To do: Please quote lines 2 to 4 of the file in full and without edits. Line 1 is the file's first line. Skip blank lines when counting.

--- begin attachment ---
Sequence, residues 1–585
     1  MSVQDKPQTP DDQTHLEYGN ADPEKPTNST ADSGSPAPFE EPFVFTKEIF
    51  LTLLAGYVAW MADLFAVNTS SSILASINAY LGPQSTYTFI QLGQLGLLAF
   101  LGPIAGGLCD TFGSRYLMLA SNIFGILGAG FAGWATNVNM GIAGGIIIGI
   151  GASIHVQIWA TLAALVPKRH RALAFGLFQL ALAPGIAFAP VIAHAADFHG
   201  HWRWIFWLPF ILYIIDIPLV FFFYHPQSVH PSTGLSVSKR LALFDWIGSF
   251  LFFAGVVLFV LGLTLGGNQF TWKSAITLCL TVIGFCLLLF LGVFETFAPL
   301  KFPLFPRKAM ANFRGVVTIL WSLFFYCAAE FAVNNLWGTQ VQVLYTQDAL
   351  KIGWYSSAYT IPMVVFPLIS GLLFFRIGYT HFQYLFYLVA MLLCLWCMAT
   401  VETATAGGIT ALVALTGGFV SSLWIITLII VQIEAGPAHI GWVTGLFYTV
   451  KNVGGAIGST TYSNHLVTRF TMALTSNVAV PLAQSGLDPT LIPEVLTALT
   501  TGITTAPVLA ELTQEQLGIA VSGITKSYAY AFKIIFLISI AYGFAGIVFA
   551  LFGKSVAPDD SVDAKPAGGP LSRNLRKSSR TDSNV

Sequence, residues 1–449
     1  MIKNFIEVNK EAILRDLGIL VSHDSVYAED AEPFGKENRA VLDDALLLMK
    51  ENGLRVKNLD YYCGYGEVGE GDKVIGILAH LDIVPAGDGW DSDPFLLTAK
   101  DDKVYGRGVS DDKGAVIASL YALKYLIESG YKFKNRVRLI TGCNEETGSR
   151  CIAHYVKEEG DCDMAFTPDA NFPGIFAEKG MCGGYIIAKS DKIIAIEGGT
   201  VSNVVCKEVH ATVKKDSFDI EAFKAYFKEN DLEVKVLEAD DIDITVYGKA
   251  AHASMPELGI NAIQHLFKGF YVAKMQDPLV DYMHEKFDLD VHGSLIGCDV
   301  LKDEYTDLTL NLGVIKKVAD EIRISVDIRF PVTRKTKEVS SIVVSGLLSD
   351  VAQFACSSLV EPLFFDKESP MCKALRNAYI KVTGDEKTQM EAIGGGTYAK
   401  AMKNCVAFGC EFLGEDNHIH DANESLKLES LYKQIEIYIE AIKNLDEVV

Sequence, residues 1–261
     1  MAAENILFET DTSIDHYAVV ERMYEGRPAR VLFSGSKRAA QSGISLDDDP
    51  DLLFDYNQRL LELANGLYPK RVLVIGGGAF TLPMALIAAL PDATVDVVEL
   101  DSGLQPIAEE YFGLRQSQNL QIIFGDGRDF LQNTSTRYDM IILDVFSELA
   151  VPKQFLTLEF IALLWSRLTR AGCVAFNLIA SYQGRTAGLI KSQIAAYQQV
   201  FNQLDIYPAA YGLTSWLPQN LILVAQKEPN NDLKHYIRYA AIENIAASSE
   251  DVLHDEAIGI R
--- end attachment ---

     1  MSVQDKPQTP DDQTHLEYGN ADPEKPTNST ADSGSPAPFE EPFVFTKEIF
    51  LTLLAGYVAW MADLFAVNTS SSILASINAY LGPQSTYTFI QLGQLGLLAF
   101  LGPIAGGLCD TFGSRYLMLA SNIFGILGAG FAGWATNVNM GIAGGIIIGI